Tags: ai weiwei | vase | destroyed | miami

Ai Weiwei Vase Worth $1M Destroyed by Miami Museum Protester

Image: Ai Weiwei Vase Worth $1M Destroyed by Miami Museum Protester

By Clyde Hughes   |   Tuesday, 18 Feb 2014 12:38 PM

A Dominican Republic-born artist protesting at the Perez Art Museum in Miami on Sunday smashed a $1 million vase created by dissident Chinese artist Ai Weiwei.

Maximo Caminero was arrested and charged with criminal mischief, according to the Miami Herald. Caminero is a famous artist, known for his Caribbean-inspired paintings that have been exhibited locally and outside of the United States. 

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"The museum is working with the authorities in their investigation," Leann Standish, the Perez museum's deputy director for external affairs, said.

According to authorities, Caminero, 51, picked up one of 16 vases on display from Ai's exhibit, then "threw and broke the vase on the floor" when a security guard ordered him put it down.

Police told the Miami Herald that Caminero told the officer arresting him that he shattered the vase to the museum on behalf of local artists.

"The argument does not support the act," Ai told the New York Times. "It doesn't sound right. His argument doesn't make much sense. If he really had a point, he should choose another way, because this will bring him trouble to destroy property that does not belong to him."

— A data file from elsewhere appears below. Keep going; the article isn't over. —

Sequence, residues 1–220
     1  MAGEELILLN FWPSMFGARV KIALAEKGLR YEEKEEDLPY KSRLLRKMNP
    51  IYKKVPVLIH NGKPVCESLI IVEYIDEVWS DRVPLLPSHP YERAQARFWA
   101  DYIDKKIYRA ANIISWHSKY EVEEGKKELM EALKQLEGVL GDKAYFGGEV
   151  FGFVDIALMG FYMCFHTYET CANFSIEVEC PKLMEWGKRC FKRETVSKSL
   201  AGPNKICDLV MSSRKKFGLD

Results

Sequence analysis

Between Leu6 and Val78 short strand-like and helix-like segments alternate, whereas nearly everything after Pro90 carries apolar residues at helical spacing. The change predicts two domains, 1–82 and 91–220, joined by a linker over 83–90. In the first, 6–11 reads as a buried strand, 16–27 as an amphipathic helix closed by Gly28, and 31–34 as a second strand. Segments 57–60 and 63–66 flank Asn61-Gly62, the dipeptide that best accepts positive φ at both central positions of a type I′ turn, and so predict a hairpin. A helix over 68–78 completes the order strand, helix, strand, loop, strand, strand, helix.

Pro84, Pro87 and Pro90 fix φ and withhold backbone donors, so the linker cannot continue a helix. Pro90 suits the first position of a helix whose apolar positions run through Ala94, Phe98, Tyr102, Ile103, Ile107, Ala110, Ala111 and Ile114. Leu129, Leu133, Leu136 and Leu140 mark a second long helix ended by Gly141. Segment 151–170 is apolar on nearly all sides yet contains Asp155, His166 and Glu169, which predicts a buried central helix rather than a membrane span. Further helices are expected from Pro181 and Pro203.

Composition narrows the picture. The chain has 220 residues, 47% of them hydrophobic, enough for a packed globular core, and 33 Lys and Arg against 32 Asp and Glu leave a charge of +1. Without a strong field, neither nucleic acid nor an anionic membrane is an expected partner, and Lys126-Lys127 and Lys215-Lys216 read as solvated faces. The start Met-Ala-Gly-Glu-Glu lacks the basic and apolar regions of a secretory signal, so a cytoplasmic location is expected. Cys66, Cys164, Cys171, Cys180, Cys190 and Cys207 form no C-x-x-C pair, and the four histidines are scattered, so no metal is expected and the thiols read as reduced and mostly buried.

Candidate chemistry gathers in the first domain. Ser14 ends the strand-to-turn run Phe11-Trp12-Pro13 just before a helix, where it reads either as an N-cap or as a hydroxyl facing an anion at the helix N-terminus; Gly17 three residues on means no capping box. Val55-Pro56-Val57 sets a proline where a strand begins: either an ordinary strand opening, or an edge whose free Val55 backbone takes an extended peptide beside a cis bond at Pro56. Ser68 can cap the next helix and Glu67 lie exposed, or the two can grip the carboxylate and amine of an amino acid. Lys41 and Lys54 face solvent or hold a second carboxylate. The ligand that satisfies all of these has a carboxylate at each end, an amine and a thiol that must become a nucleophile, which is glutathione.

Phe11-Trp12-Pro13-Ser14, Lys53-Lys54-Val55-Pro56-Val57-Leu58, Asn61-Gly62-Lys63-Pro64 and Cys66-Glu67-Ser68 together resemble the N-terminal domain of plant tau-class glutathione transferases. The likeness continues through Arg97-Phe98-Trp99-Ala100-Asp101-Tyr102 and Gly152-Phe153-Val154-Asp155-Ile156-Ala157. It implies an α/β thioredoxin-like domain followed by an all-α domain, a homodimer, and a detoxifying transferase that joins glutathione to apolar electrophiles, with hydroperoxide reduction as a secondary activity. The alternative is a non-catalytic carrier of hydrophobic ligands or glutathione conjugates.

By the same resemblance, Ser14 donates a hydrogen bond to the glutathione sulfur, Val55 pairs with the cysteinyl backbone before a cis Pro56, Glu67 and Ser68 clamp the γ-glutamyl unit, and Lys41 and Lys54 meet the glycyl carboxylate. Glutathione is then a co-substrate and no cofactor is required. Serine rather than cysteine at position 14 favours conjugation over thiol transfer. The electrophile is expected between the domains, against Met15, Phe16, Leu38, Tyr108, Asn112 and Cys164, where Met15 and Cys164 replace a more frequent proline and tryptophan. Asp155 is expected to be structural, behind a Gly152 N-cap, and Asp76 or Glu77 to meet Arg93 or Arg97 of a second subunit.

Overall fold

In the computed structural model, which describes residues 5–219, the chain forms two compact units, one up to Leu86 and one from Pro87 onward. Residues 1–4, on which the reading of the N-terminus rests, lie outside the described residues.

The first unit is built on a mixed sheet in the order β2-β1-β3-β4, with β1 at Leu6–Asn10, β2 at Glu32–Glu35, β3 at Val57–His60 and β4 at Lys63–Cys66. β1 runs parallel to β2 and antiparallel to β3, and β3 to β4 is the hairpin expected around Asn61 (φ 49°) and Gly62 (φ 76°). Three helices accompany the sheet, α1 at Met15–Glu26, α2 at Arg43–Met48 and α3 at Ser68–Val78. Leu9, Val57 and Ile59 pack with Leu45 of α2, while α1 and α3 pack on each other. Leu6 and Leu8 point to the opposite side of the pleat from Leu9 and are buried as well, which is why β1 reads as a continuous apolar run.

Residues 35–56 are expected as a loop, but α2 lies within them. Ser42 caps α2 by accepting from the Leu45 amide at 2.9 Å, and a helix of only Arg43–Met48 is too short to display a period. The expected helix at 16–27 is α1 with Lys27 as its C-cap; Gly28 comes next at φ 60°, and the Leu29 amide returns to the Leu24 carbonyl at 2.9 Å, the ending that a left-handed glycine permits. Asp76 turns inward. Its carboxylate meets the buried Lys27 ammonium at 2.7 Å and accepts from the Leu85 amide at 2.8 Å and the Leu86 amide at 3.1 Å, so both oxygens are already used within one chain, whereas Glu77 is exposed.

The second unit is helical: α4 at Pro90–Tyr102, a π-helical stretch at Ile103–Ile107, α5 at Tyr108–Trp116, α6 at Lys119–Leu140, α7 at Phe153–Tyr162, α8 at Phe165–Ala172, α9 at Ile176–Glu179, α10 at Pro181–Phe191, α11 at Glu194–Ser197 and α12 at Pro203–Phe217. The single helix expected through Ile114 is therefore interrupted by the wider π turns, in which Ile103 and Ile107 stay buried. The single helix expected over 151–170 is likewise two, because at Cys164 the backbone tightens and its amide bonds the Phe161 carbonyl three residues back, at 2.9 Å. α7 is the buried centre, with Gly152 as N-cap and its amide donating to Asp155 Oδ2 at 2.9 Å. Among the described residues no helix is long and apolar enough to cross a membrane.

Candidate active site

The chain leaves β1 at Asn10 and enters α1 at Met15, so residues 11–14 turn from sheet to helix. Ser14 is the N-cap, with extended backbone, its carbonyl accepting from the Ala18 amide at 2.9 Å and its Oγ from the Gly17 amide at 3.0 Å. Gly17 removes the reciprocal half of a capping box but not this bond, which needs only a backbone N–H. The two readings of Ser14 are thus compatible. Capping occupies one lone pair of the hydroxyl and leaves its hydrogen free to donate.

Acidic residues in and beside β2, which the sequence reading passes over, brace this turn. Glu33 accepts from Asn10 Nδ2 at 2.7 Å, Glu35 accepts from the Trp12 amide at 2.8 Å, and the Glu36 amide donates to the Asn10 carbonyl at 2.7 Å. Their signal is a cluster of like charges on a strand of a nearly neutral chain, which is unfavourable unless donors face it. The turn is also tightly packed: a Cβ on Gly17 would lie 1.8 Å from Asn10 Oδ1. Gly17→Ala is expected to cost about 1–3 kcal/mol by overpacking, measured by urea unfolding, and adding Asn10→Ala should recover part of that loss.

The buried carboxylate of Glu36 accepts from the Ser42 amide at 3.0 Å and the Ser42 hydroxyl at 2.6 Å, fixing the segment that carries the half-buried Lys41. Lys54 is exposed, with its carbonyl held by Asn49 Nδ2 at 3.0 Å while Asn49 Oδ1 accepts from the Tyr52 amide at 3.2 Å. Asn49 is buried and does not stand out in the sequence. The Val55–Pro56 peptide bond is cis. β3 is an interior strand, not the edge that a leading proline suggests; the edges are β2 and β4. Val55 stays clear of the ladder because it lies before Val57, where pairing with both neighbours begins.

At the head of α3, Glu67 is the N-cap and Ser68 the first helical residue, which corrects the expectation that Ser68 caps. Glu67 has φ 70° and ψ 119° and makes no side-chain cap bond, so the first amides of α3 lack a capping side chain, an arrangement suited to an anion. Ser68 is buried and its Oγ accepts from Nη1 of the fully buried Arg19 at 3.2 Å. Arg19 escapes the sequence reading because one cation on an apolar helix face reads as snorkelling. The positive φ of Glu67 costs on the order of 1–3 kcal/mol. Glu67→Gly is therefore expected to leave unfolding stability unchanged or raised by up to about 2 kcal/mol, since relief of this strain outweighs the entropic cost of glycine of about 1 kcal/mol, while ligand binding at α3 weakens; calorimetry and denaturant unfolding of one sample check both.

Ai became China's best-known artist but has been pressured by the country's government to suppress his advocacy work, including a lengthy investigation he undertook into poor construction of schools that led to the deaths of thousands of children in their classrooms during the 2008 Sichuan earthquake.

Ai was held for 81 days in 2011 on tax evasion charges, and the Chinese government continues to restrict his travel.

The Wall Street Journal reported that the Ai display featured urns from the Han Dynasty. The exhibit featured photographs of Ai dropping an urn dating back to the Han dynasty (206 BC to 220 AD) and watching it shatter on the ground. 

"We have the highest respect for freedom of expression, but this destructive act is vandalism and disrespectful to another artist and his work," the museum said in a statement.

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